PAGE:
1. Intentional efforts to look okay. Or happy or upbeat. Depression has many faces. It’s a myth that people suffering from depression are always down. Nobody wants to make others sad or miserable, so no wonder that depresses people try to look happy and “put together”. They deal with so much inside, but opening that door at social gatherings won’t make the situation better, so these people selfishly keep their burdens for themselves.
2. Abandonment issues. People with depression have abandonment issues lurking in the background others are not aware of. This fear of abandonment has sparked from a past experience or trauma and has influenced their entire life. This is a devastating thing to deal with daily. It presses your chest you feel the air cannot reach your lungs. You try to ignore that gnawing feeling, but it numbs only, and it somehow comes back stronger each time.
3. A philosophical approach to life. Depressed people are usually turning to the philosophical, the spiritual. They are interested in knowing more of what lies beyond the earthly, worldly pleasures and sins of our society. Their thinking is visionary, unique. They are interested in deep conversations, in hearing your opinion on such topics, and can go on with hours searching for the truth and the purpose of life, tirelessly.
4. Depressed people feel everything intensely and are super talented. They are like empaths. They understand pain and emotions. They’ve mastered them, so they know every shade, every layer of the human soul. No wonder people suffering from depression are so creative – it’s because all that inner suffering gives them space for that abundance in emotions, so much so, that the only way to fuel it is through creation, through art. It should come as no surprise that many artists dealt with depression at some point in life, and it is then when they produced their best works.
5. They often think about life and death. People suffering from hidden depression also contemplate death, or they just think about it. They like to experiment with the dimensions of human existence, and they also read a lot on the matter. Not all people have these thoughts, but some do, and they constantly think about the meaning and the purpose of life, the frustration of not being able to find that purpose and guidance, and what happens after death. Seeking something you cannot find at the moment can be overwhelming and frustrating, it makes you go even further into that abyss.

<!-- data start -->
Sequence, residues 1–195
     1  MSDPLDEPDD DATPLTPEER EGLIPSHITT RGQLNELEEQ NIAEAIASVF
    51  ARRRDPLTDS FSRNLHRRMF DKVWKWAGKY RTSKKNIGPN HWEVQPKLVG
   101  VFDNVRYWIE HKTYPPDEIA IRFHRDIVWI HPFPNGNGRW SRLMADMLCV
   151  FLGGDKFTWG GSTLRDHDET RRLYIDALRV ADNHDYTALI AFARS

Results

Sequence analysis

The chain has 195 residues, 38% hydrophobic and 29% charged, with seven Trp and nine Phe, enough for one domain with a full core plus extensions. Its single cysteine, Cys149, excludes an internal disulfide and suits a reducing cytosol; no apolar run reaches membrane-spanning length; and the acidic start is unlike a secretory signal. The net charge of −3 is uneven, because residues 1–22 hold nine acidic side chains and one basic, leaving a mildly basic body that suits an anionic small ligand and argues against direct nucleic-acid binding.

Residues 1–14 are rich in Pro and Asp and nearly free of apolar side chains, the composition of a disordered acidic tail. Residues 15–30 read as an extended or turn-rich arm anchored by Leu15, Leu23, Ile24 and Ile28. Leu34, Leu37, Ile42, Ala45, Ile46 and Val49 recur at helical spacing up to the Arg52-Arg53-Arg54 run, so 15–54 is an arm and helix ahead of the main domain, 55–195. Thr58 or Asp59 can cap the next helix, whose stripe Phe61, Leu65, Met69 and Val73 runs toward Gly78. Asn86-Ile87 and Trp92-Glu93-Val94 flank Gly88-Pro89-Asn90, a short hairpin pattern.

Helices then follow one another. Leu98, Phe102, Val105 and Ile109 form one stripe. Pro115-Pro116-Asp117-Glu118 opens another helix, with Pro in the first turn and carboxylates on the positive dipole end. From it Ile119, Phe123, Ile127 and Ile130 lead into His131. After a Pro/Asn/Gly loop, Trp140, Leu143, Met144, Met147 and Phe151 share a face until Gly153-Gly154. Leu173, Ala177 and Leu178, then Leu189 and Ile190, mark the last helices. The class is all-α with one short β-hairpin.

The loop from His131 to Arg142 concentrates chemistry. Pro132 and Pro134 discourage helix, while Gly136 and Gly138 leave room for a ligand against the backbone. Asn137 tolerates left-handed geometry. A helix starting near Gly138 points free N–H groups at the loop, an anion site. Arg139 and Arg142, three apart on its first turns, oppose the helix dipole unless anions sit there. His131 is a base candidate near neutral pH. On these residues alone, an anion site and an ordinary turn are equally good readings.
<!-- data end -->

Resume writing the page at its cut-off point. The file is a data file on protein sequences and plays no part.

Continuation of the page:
6. Anger and irritability. Being easily irritated or easily getting angry are other pointers of hidden depression. Lack of patience, short temper can also indicate that there is some underlying unhappiness, some frustration that the person is going through. They may be disappointed in life and tired from it, so they don’t care about their behavior and the consequences. If people suffering from depression feel like they cannot find the meaning in life, they will just emotionally start sinking and the direct result of that is uncontrolled anger even at social events or gatherings, unfiltered irritability, and impatience. They see no point in trying or investing in meaningful relationships when their thoughts are obscured by pain and the futility of life.
7. Thinking of worst-case scenarios and having a brain that never goes to sleep. Depression pushes you into a chasm where everywhere you look, all you see is ruins. Your brain never shuts down. You are constantly overthinking. You try to push dark thoughts away, but they keep coming back. You try to be busy to not think about them, but those thoughts lurk at the back of your head despite all your efforts. Your brain picks up the worst-case scenarios and replays them in your head, so you fear that bad things will happen and you torture yourself torn between the reality of the world and the reality of your mind.
A lot of depressed people try to get help, but the minute they pick up the phone to schedule an appointment with an expert, they shut it down. They refuse to show weakness. They stuff themselves into more and more work, thinking it will go away.
Don’t do it too, my friend. Get the help you need.
You are not alone. It’s normal to feel everything you feel. And it’s also normal and understandable to do something about it.
Nora Connel is a devoted writer with a BA in English Language and Literature. Her interests span around psychology, human relationships, and the inner self. She believes that writing has healing powers.